Skip To Content
The Schmooze

‘Resist Israeli Anti-Semitism,’ Roger Waters Announces At Poland Concert

Ah, life! Full of riddles. For example: What walks on four feet in the morning, two in the afternoon and three at night? And additionally — why did Roger Waters put up a projection at his concert in Poland reading “Resist Israeli Anti-Semitism”?

This one’s a puzzler. The Pink Floyd co-founder is one of the most outspoken celebrities against Israel. He has famously supported the BDS movement, frequently speaking about Palestinians as “indigenous people” and Jewish Israelis as “settler colonialists.”

The cross section between “Pink Floyd Twitter” and “Jewish Twitter” is alight today as many report that Rogers projected a sign on the wall of his concerts this weekend in Poland that read “Resist Israeli Anti-Semitism.” Rogers is touring Europe, and allegedly his concerts in Krakow and Gdansk showcased this, among other activist statements.

If you thought Rogers might be subversively suggesting a pluralist sentiment and accusing Israel of discriminating against non-Orthodox Jews who aren’t recognized by the Israeli rabbinate, think again. He’s a man of The Wall, not a Woman of the Wall. Here, another tweeter displays the same projection from a Rogers concert in London this summer, showing a second, complementary projection:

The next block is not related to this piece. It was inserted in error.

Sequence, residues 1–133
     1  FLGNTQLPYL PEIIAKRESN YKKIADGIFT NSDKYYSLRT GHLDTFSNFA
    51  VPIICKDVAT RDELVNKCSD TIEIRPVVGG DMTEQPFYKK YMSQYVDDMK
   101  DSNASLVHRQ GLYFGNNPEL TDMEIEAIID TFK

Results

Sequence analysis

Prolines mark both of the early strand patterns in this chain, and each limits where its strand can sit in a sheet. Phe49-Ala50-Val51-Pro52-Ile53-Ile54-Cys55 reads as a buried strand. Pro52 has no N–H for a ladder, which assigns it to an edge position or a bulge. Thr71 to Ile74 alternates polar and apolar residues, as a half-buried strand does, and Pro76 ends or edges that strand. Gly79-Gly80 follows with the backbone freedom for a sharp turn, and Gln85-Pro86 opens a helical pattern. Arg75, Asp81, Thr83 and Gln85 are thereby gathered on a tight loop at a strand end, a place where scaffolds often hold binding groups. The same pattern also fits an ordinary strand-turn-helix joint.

What Rogers seems to be alluding to here is that Palestinians are the real Semitic people. Of course, Arabs and Jews are both considered “Semites” — peoples who speak Semitic languages. But the accepted definition of the phrase “anti-Semitism” is prejudice against Jews.

Rogers’ sign, however bold and halogenic, is making a pretty insidious claim — that Jews can never be the oppressed, only the oppressors. However fairly damning real criticism of Israel policy can be, Rogers’ claim is far from that — it’s a complete erasure of Jewish history and culture under the guise of activism. And in its rush to punish Israel as a country, it punishes Jews everywhere.

Likely Rogers used the same projections in every city. But if he’d taken time during his tour to visit the sight of the Warsaw Ghetto, where Jews were held captive in a city where they had once been a dominant minority of 30 percent, he’d know that most episodes of anti-Semitism in history have had a sly, ironic twist.

For us, this is just another brick in the wall.

Jenny Singer is the deputy lifestyle editor for the Forward. You can reach her at [email protected] or on Twitter @jeanvaljenny


Republish This Story

Please read before republishing

We’re happy to make this story available to republish for free, unless it originated with JTA, Haaretz or another publication (as indicated on the article) and as long as you follow our guidelines. You must credit the Forward, retain our pixel and preserve our canonical link in Google search.  See our full guidelines for more information, and this guide for detail about canonical URLs.

To republish, copy the HTML by clicking on the yellow button to the right; it includes our tracking pixel, all paragraph styles and hyperlinks, the author byline and credit to the Forward. It does not include images; to avoid copyright violations, you must add them manually, following our guidelines. Please email us at [email protected], subject line “republish,” with any questions or to let us know what stories you’re picking up.

We don't support Internet Explorer

Please use Chrome, Safari, Firefox, or Edge to view this site.